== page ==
New York, November 7, 2014--The Committee to Protect Journalists is greatly concerned about the safety of Vietnamese blogger Nguyen Ngoc Nhu Quynh, who has been repeatedly questioned by local police in Nha Trang about her activity on Facebook, and says that she fears arrest. Vietnam currently imprisons 17 journalists, most of them bloggers, according to CPJ research.
Facebook announced on October 31 that it has made it easier and safer for users to gain access to its social network by using a dedicated Tor hidden service at https://facebookcorewwwi.onion. A dedicated hidden service access point is a powerful move to protect journalists and anyone else who uses Tor to protect privacy or circumvent censorship.
New York, October 10, 2014--The Committee to Protect Journalists condemns the criminal libel charges filed against Khadija Ismayilova, an award-winning investigative journalist in Azerbaijan, and calls on authorities to drop the charges immediately.
Bangkok, July 21, 2014--In a mounting clampdown on press, Internet, and social media freedoms, a new military directive in Thailand has barred any critical reporting or commentary about the ruling National Council for Peace and Order junta. The Committee to Protect Journalists calls for an immediate reversal of the freedom-curbing edict and all other measures that promote self-censorship and have been imposed since the military seized power in May.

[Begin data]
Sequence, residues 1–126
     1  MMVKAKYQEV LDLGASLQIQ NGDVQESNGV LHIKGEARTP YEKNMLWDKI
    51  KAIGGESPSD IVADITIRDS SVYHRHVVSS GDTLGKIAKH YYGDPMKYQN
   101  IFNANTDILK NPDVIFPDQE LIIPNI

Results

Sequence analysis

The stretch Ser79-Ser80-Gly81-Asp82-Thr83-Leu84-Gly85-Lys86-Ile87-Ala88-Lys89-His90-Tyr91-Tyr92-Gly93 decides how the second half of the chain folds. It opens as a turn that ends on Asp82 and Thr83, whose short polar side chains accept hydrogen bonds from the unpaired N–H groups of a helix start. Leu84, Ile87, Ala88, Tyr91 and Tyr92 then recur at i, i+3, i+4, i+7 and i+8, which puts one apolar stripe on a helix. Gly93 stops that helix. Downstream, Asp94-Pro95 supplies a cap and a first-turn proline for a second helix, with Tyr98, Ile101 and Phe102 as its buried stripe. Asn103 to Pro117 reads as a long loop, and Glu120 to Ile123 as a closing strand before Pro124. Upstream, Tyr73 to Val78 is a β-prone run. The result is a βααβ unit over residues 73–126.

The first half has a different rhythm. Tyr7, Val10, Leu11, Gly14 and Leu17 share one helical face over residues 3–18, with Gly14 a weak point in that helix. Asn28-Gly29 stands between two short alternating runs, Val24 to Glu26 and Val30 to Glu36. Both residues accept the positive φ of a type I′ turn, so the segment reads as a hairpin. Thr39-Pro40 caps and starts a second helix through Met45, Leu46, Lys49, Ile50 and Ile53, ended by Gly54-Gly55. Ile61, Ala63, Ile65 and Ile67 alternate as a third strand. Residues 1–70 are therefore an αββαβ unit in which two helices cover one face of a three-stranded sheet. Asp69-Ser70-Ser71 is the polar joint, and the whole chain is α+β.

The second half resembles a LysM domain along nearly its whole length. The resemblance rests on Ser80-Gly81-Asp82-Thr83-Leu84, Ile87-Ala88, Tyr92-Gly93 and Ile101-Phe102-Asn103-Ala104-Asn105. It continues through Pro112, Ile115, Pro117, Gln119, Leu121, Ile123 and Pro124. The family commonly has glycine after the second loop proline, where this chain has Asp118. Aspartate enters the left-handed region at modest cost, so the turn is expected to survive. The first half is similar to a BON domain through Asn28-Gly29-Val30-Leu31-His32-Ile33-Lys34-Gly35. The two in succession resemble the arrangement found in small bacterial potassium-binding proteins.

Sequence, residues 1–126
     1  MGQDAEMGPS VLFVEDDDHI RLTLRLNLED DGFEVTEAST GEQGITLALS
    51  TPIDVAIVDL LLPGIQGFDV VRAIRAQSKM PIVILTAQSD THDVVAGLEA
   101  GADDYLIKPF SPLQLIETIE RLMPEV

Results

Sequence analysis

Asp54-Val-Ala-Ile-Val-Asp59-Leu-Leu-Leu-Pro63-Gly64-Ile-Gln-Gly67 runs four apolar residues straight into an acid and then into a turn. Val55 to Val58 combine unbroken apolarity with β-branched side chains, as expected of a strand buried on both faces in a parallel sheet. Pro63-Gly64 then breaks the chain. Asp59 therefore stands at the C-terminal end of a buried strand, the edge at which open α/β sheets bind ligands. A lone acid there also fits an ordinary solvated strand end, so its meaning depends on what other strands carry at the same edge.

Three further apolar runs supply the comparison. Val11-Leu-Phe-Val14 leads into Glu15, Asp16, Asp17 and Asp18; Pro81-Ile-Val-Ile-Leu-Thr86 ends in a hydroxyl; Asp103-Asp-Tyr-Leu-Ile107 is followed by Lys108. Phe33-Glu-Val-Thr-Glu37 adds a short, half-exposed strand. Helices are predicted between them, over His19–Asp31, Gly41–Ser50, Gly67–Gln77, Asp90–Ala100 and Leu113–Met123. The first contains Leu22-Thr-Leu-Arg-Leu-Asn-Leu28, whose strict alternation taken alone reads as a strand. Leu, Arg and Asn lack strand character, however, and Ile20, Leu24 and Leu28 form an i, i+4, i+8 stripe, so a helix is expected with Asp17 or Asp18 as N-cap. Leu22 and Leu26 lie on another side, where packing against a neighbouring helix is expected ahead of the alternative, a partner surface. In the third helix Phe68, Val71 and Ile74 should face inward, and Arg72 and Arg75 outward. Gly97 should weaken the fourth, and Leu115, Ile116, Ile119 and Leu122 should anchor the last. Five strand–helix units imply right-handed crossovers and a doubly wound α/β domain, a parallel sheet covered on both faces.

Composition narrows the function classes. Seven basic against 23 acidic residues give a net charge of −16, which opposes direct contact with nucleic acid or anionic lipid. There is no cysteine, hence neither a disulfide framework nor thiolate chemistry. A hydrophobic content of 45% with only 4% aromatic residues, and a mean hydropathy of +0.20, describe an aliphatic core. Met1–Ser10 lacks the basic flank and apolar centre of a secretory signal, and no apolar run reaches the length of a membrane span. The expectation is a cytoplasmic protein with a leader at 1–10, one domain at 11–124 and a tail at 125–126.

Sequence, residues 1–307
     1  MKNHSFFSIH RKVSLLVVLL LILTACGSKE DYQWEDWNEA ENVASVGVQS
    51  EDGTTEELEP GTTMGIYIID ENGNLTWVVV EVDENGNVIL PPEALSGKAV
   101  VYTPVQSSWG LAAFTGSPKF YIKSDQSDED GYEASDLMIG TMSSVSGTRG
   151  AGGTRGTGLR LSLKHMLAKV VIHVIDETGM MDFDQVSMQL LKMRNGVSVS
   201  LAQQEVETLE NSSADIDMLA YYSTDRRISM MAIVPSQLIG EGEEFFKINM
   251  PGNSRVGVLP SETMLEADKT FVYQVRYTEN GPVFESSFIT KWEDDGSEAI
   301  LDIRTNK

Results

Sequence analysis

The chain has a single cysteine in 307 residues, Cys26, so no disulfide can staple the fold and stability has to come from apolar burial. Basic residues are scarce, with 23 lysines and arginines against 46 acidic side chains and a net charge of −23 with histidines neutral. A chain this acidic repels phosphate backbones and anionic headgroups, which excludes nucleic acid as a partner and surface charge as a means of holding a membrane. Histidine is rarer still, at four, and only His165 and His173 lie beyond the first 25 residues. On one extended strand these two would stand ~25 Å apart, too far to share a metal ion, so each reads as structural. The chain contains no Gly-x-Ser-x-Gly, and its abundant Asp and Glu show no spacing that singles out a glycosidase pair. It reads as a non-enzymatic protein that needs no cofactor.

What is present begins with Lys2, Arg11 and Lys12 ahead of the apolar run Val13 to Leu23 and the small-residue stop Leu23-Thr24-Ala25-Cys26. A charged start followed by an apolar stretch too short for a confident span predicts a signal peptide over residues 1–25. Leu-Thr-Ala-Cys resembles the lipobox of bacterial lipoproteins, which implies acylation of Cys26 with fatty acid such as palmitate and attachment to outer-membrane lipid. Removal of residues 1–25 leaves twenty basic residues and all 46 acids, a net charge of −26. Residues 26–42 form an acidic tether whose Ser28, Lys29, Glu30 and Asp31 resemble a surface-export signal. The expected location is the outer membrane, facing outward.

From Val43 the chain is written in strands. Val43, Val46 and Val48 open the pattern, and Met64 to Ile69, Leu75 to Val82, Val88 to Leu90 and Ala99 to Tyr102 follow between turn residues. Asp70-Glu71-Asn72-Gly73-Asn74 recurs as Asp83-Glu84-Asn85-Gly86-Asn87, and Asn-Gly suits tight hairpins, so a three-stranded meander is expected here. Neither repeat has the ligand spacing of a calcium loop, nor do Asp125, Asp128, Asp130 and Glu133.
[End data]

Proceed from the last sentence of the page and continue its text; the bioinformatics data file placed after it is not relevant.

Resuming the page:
Nairobi, July 14, 2014--The Ethiopian government should end its politicized prosecution of nine Ethiopian journalists arrested in April. The journalists and their lawyers were shut out of court room hearings in recent days.
Thanapol Eawsakul, editor and founder of Fah Diew Gahn (Same Sky) news magazine, a tri-monthly Thai-language publication, was arrested on July 5, 2014, in a Bangkok café, according to news reports. He was held on a seven-day detention order, the maximum period allowable without a trial under martial law, and released on July 9, 2014.
Five years ago on Monday, CPJ announced that Iran had officially become the world's leading jailer of journalists in the world. The announcement came on the heels of an unprecedented crackdown on the press that began on June 12, 2009, the day of Iran's tumultuous presidential election that sparked a mass protest movement.
In the first few months of 2014, multiple journalists were arrested, interrogated, and prosecuted in Iran. Authorities pursued a revolving-door policy in imprisoning journalists, freeing some detainees on short-term furloughs even as they make new arrests.
Do you believe the free flow of information must be protected? Sign the #RightToReport petition and demand that President Obama immediately:
1. Issue a presidential policy directive prohibiting the hacking and surveillance of journalists and media organizations.
2. Limit aggressive prosecutions that ensnare journalists and intimidate whistleblowers.
3. Prevent the harassment of journalists at the U.S. border.
Or click here to see the full petition, and join leading journalists like Christiane Amanpour, The Guardian’s Alan Rusbridger, Editor of the AP Kathleen Carroll, and Arianna Huffington in signing on.